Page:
But in equatorial Africa, oil palms grow wild, along with many other rainforest trees, and are used by this vulture and many other species for their richly nutritious fruit. The vultures enter commercial oil palm plantations also, but don't consume so many fruits that they're persecuted by farmers. Raffia palms occur more sparsely, and their fruit is rather thinly fleshy, but still enough for the vultures. They often perch and also nest in these huge-leaved palms. In South Africa, the Kosi palm benefited from people; being a useful species, it's been planted in Mtunzini, somewhat further south than its main range in Maputaland, and the vultures followed. We can really help the vultures by planting yet more of these stately palm trees. They only grow in a hot, humid climate on swampy ground. They have special roots emerging from the soil surface to help them 'breathe' in the waterlogged soil. They also flower towards the end of their lives; after mass flowering and production of fruit, the palm tree dies and falls over, scattering its seeds and making way for a new generation.
Palm-nut vultures pick the fruits off the large bunches in which they grow; they hold each fruit down with a foot, and then strip off and swallow the husk, discarding the kernels. Although fond of palm fruits, the vulture does also eat other items. Other plant items in its diet include grains and the seeds of some trees. The one we have in Polokwane scavenges off pig carcasses like the other vultures, and the species can survive on a meat diet in captivity. It's been recorded catching lizards, birds and rodents. It eats living and dead fish, and also crabs, insects and snails. The latter include the giant African land snails, which can reach a length of about a foot and a pound in weight. The vultures crack the shell at the side and extract the meaty body of the snail. Sometimes they rob other birds of prey of their catches. They also follow fishermen in their canoes to scavenge the scraps they throw overboard.
Palm-nut vultures are more vocal than other vultures, and in this, too, resemble fishing eagles. They make barking, cawing, growling and even quacking sounds! In display flights they make a guttural sound my bird-of-prey book renders into human language as pruk-kurrrr. They also hiss and whistle during courtship. The couple greet and mate while giving a cawing kwuk-kwuk-kwuk. They threaten a human intruder at their nest with a series of barks and growls. The chick begs food from its parents with a plaintive cry.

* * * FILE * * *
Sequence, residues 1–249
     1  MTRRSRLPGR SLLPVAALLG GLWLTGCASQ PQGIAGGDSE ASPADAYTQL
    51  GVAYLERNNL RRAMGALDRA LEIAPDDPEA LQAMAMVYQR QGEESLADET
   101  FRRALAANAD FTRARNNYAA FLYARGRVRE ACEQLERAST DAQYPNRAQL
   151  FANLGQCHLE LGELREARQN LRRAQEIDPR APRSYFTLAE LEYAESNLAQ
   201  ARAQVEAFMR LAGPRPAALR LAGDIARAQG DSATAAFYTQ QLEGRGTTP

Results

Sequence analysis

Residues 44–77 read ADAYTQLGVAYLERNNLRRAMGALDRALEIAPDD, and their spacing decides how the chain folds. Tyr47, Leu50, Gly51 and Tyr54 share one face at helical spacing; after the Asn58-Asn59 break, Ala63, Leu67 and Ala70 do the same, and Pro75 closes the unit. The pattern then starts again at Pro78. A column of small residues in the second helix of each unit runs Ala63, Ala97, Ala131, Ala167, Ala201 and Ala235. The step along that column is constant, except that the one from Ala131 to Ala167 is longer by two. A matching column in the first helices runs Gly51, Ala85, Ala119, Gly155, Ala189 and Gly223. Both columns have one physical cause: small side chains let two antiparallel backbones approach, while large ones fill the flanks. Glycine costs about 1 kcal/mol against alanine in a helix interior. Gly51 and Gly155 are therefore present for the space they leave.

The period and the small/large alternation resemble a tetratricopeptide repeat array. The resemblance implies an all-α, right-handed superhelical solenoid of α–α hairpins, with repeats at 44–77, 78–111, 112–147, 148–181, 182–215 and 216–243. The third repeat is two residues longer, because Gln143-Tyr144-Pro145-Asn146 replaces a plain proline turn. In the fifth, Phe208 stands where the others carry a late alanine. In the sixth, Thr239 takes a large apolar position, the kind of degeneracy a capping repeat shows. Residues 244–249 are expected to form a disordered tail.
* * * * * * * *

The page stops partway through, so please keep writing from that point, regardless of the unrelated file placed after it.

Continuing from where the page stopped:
Only a few palm-nut vultures are known to breed in South Africa. They nest in the big Kosi palms, building a bulky platform of sticks amidst the leaves near the top of the palm. Elsewhere in Africa, they nest in other kinds of tree as well, including baobabs and tree euphorbias. The nest is lined with grass and other fibrous matter, including dung. The same nest may be used for many years. Sometimes weaver birds build their nests close to those of the vultures.
Like other birds of prey, palm-nut vultures are monogamous. The birds court each other by joining in high soaring flights, during which they perform tricks like fast dives and somersaults. The breeding season starts in late winter to early spring. They typically lay just a single egg. The chick hatches when the palms are in fruit, since that is what its parents mainly feed it. They do bring it animal food too, such as birds, small mammals or large snails. The chick fledges at about three months' age, and is fed by the parents for another month or so, but quickly learns how to find and consume palm fruits. It reaches adulthood in three to four years. Young birds may wander very far away in search of their own territories; apart from the resident birds in northeastern Kwazulu-Natal, stragglers have been recorded over much of the country.
Because this vulture is less reliant on carrion, it is not as threatened by poisons and environmental chemicals as the others are. In suitable habitat, it can be quite common. In South Africa, it is completely dependent on the presence of Kosi palm trees, so if those are protected and propagated, it should be secure.